Honey-butter sweet bread

by | Nov 6, 2020 | Breads, buns & biscuits

I learned the recipe of this honey-butter sweet bread a few months ago. What raised my interest was an unusual ingredient, namely corn flour, which rarely appears in ordinary, non-gluten-free yeasted dough recipes.

Unlike the classic sweet bread, it’s not braided, but spread with soft butter and rolled up. Let me warn you that this sweet bread may split during baking, but that won’t ruin its taste and the pleasure it provides. The recipe yields two rolls, which you can top with butter or jam, or you can eat plain.

The quantity of the all-purpose flour given below is an approximate amount because it depends on the honey you have. If you use set honey, you won’t probably have to add more all-purpose flour to the dough. But if you make it with runny honey, it’s pretty certain that your dough will be sticky and you will need to add more flour in order to be able to roll it out.

Honey-butter sweet bread
Honey-butter sweet bread – photo: zserbo.com


  • 400 g (~3 1/4 cups) all-purpose flour
  • 100 g (~3 1/2 oz) yellow corn flour
  • 2 eggs + 1 egg for the egg wash
  • 30 g (~1 oz) fresh yeast (3 tsp dry yeast)
  • 2 tsp sugar
  • 150 ml (~2/3 cup) milk
  • 100 g (~3 1/2 oz) honey
  • pinch of salt
  • 1 tbsp sour cream or yoghurt
  • 100 g (~3 1/2 oz) butter

Place sugar and yeast in a small bowl, pour in tepid milk, give it a stir and let the mixture rest for a couple of minutes.

Put flour and corn flour in a bowl. Add salt, honey, 2 eggs, sour cream and the activated yeast, and knead into a smooth dough that can be rolled out easily. If you find your dough too sticky, add more all-purpose flour until dough stops sticking to the sides of the dish. Cover and allow the dough to rise for 40-50 minutes.

Meanwhile soften and cream the butter.

Turn out the dough on a floured surface, divide it in half and form two balls. Roll out the first dough ball into a thin rectangle and spread half of the butter on it evenly. Roll up the dough and place it seam side down on a baking pan lined with parchment paper. Repeat the process with the second dough ball too. Cover the sweet breads and let them rise for 30-40 minutes.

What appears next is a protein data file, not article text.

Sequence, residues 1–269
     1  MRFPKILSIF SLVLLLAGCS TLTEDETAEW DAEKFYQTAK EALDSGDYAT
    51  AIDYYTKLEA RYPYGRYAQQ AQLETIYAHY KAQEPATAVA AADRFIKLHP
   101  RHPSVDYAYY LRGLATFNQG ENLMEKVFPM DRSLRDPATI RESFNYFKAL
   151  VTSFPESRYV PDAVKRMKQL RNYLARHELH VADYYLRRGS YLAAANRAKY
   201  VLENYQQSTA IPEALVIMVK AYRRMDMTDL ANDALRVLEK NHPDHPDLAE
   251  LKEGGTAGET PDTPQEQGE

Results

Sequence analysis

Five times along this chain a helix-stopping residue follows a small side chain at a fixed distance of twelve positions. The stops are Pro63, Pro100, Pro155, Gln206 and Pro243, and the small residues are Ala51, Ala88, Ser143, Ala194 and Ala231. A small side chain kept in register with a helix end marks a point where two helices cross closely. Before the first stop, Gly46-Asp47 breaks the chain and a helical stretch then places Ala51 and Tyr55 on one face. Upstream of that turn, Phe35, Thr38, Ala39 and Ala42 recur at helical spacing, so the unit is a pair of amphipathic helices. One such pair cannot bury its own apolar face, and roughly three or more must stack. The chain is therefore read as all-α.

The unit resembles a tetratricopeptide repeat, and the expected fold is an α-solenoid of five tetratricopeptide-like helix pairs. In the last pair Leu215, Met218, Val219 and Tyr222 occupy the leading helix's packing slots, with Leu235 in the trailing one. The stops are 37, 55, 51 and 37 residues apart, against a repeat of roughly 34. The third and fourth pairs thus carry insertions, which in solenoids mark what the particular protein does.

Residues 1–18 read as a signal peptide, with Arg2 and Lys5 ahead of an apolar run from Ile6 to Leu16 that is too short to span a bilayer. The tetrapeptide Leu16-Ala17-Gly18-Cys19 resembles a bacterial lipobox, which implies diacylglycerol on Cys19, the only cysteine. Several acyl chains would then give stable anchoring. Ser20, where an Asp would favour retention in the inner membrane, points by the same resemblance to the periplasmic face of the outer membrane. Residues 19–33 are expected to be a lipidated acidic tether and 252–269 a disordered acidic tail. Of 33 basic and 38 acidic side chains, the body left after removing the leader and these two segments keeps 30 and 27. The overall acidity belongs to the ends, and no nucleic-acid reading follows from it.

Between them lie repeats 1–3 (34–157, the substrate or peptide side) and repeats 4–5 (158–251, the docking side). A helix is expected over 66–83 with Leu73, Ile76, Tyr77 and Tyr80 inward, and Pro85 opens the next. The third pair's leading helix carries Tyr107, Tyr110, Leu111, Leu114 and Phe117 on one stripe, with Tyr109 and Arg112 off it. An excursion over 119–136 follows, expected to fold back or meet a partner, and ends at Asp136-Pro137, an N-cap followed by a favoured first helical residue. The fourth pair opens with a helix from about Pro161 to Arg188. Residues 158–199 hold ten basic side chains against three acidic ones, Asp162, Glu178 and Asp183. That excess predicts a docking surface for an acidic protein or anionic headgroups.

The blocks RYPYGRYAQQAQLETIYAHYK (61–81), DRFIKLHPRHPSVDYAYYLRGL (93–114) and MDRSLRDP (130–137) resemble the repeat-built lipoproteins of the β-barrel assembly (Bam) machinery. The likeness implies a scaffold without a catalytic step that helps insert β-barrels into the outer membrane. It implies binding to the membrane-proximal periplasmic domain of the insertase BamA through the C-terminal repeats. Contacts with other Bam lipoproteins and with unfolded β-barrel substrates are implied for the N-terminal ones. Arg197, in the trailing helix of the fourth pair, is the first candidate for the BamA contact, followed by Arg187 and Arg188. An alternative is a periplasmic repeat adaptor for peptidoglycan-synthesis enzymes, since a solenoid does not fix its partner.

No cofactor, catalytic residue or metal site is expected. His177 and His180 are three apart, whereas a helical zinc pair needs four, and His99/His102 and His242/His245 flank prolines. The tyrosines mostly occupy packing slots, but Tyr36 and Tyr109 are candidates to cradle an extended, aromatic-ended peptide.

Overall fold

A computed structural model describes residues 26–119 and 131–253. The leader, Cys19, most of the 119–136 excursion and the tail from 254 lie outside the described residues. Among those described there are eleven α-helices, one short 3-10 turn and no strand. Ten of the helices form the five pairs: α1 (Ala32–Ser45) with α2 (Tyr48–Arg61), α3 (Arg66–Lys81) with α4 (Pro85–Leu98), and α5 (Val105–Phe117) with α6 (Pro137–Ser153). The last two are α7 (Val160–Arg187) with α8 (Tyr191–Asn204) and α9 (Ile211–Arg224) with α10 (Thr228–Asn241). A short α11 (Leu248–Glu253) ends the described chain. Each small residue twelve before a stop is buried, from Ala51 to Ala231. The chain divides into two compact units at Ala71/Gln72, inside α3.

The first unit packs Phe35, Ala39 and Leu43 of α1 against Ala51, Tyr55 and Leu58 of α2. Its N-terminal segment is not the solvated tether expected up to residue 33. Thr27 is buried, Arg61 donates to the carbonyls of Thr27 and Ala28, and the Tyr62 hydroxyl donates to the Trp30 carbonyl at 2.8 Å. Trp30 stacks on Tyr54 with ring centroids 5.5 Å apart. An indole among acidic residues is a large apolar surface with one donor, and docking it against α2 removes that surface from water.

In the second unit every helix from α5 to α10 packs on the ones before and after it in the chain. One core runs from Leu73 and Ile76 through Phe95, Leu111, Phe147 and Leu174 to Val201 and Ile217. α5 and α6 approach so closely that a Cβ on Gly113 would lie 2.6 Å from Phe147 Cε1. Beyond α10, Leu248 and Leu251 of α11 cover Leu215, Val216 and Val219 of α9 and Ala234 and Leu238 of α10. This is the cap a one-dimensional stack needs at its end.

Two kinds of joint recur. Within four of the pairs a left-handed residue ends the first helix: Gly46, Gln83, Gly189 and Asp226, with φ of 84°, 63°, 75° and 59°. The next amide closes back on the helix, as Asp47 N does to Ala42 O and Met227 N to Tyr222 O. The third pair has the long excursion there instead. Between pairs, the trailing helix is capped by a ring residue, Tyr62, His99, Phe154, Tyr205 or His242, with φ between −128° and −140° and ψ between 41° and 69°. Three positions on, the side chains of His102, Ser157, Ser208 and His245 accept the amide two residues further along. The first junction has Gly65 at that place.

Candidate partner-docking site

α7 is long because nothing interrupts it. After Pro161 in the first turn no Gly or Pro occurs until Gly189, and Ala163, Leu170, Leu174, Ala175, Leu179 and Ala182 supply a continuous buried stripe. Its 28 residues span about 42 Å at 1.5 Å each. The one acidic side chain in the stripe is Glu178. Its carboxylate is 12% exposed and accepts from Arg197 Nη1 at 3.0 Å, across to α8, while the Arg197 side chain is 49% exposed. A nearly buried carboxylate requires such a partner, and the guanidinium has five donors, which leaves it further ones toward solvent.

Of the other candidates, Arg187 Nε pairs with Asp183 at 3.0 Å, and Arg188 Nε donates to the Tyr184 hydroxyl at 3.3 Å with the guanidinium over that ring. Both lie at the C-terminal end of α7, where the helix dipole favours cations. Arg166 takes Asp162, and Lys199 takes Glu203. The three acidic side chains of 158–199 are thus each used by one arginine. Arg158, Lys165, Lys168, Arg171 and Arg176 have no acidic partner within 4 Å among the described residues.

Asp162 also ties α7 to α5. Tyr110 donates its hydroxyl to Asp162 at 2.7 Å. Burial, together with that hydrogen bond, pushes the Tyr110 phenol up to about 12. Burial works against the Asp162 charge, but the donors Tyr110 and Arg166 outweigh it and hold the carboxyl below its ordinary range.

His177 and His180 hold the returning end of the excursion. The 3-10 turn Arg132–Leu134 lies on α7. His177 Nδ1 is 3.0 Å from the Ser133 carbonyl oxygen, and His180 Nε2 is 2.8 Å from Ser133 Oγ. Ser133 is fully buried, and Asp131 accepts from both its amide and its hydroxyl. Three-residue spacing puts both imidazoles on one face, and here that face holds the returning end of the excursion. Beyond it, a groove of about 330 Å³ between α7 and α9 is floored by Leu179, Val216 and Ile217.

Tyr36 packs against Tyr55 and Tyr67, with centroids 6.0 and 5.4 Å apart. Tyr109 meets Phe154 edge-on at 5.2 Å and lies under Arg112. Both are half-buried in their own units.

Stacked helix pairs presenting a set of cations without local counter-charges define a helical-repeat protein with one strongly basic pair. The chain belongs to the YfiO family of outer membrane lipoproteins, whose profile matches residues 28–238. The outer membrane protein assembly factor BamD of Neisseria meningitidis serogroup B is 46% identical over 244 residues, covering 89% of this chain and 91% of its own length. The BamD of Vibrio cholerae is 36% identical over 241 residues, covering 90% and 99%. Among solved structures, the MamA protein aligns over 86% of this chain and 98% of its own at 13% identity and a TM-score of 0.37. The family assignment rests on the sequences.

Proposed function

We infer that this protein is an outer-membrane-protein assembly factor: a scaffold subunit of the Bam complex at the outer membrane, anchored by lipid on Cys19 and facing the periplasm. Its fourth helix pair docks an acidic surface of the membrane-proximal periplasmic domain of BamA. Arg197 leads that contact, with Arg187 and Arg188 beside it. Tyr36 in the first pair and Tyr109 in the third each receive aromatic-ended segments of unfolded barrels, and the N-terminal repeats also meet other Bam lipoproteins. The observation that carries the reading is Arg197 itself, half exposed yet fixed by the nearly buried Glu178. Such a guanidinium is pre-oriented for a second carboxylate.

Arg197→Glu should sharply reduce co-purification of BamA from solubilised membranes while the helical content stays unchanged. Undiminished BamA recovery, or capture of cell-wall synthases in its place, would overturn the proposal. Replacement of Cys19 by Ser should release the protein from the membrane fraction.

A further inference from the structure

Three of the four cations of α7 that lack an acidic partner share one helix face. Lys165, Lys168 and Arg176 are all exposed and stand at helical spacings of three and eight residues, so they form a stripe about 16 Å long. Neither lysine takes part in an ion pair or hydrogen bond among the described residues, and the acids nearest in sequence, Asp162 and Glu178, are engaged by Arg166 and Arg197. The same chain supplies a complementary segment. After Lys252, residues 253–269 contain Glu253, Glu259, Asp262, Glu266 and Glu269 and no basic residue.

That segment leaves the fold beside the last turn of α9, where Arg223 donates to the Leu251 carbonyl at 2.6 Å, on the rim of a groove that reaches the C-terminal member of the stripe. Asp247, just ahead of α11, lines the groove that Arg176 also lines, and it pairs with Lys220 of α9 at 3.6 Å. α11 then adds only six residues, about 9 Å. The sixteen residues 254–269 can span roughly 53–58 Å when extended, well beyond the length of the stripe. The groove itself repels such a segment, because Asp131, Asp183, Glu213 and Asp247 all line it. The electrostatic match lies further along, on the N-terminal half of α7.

Preheat the oven to 180°C / 356°F. Slightly beat an egg and brush it on the top of the sweet breads. Poke them with a fork or a skewer and bake them for 25-30 minutes or until a toothpick comes out clean.

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Hungarian cottage cheese

This is what Hungarian túró looks like

You often ask me what kind of cottage cheese (or curd cheese or farmer's cheese - call it what you want) I use in the recipes. In Hungary the store-bought cottage cheese is dry and crumbly as you can see in the picture. So if a recipe calls for túró, I mean this type. If you can't obtain túró, you can try to make your own from whole milk. Click on the link below.

Metric system vs cup

In Hungary metric units are in use, all the recipes on this website are based on this system, so a kitchen scale is necessary. Since I’m not familiar with cup as a measurement unit, I convert grams to cups by using an online converter. The values in brackets, therefore, are only approximate volumes, so, please, double-check them before you start cooking.

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